One of the predominant trends in college football recruiting the past two decades has been early enrollment.

Rather than go through a final semester of high school, filled with bouts of senioritis and a last dance at prom, more and more prospects have sought to graduate early in an effort jump-start their college careers.

That meant they got to campuses in January and went through spring practices with the team’s returning players.

When the other freshmen arrived in the summer, they had a leg up.

The trend has accelerated at Ohio State, including in the most recent recruiting class when the Buckeyes welcomed a record 14 early enrollees.

They arrived in January and were to participate in spring practice. But the plan was foiled last month when the coronavirus pandemic shut down spring practice.

The freshmen who joined the program in the winter and made up a majority of the nation’s fifth-ranked class returned to their homes across the country.

Their first semester in Columbus lasted only two months and three spring practices.

"I don't know if it’s a concern as much as it is just disappointing that they weren’t able to get those practices under their belt," coach Ryan Day said. "Hopefully, we can recoup them at some point. But it is what it is. It’s the same for everyone else throughout the country."

Though the shortage of spring practices put a pause in their development, Day remarked on his recent teleconference with beat reporters that, "We do have a fairly veteran team."

Most of the early-enrollee freshmen were not expected to start right away or fill immediate positions of need, but rather build depth throughout the roster.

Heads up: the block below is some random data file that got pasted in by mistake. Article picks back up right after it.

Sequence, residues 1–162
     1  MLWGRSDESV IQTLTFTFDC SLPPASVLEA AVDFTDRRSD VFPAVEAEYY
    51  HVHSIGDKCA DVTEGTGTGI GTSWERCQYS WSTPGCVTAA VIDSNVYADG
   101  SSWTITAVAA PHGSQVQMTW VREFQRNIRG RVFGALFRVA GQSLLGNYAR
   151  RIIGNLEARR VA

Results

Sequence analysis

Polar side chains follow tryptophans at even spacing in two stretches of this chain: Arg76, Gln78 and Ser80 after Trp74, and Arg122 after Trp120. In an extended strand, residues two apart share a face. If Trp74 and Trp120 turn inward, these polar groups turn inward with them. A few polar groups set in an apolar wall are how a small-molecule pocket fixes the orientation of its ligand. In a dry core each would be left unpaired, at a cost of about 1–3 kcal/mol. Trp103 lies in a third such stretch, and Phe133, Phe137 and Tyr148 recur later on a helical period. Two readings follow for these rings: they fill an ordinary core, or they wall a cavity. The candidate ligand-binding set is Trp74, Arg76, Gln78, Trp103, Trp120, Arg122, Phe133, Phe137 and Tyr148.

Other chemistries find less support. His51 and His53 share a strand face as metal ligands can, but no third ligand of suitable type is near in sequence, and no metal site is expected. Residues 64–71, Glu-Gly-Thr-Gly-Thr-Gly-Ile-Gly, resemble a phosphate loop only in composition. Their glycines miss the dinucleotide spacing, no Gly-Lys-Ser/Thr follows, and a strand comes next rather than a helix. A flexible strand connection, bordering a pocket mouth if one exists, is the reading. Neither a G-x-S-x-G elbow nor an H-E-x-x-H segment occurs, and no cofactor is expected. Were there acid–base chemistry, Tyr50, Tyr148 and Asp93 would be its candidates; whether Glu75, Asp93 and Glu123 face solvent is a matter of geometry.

A few of the early enrollees might be exceptions.

Paris Johnson, who was the top-ranked offensive tackle recruit in the 2020 class, took first-team reps at right tackle during the first week of spring practice, aiming to challenge Nicholas Petit-Frere for the starting spot. At 6 feet 6 and 305 pounds, Johnson had enough size at least to begin making an impression in spring.

Other freshmen were looking to crack the rotation at slot receiver, including Mookie Cooper and Jaxon Smith-Njigba, after the starting spot was vacated by K.J. Hill, who was a senior last season.

Day thought the freshman quarterbacks and receivers were most impacted by the loss of spring practices, needing the live repetitions together to build chemistry.

The Buckeyes return Justin Fields, who is among the favorites to win the Heisman Trophy next season, but freshmen Jack Miller and C.J. Stroud were to split second-team reps with fifth-year player Gunnar Hoak and vie for the backup job.

Miller and Stroud were former four-star recruits.

But rather than throw passes to the Buckeyes’ receivers, they are back home, where they are finishing their first semester at Ohio State through online classes. Miller is from Scottsdale, Arizona, and Stroud is from Rancho Cucamonga, California.

"We’re going to have to do a great job of getting them the film and letting them study," Day said. "There’s nothing like taking reps, though. You can do a lot of that stuff, watch film and do that, and those guys will, and they’ll do a great job, and (quarterbacks coach) Corey (Dennis) will do a great job with them putting a plan together, throwing back home where they are. But the sooner we can get them under center again, the better off we’re going to be."

Day sounded eager for the QBs to return. He liked their opening week of workouts.

"I was very impressed with how both of them came in and worked," Day said, "just their approach and the way they were able to take the offense to the field in the first three practices."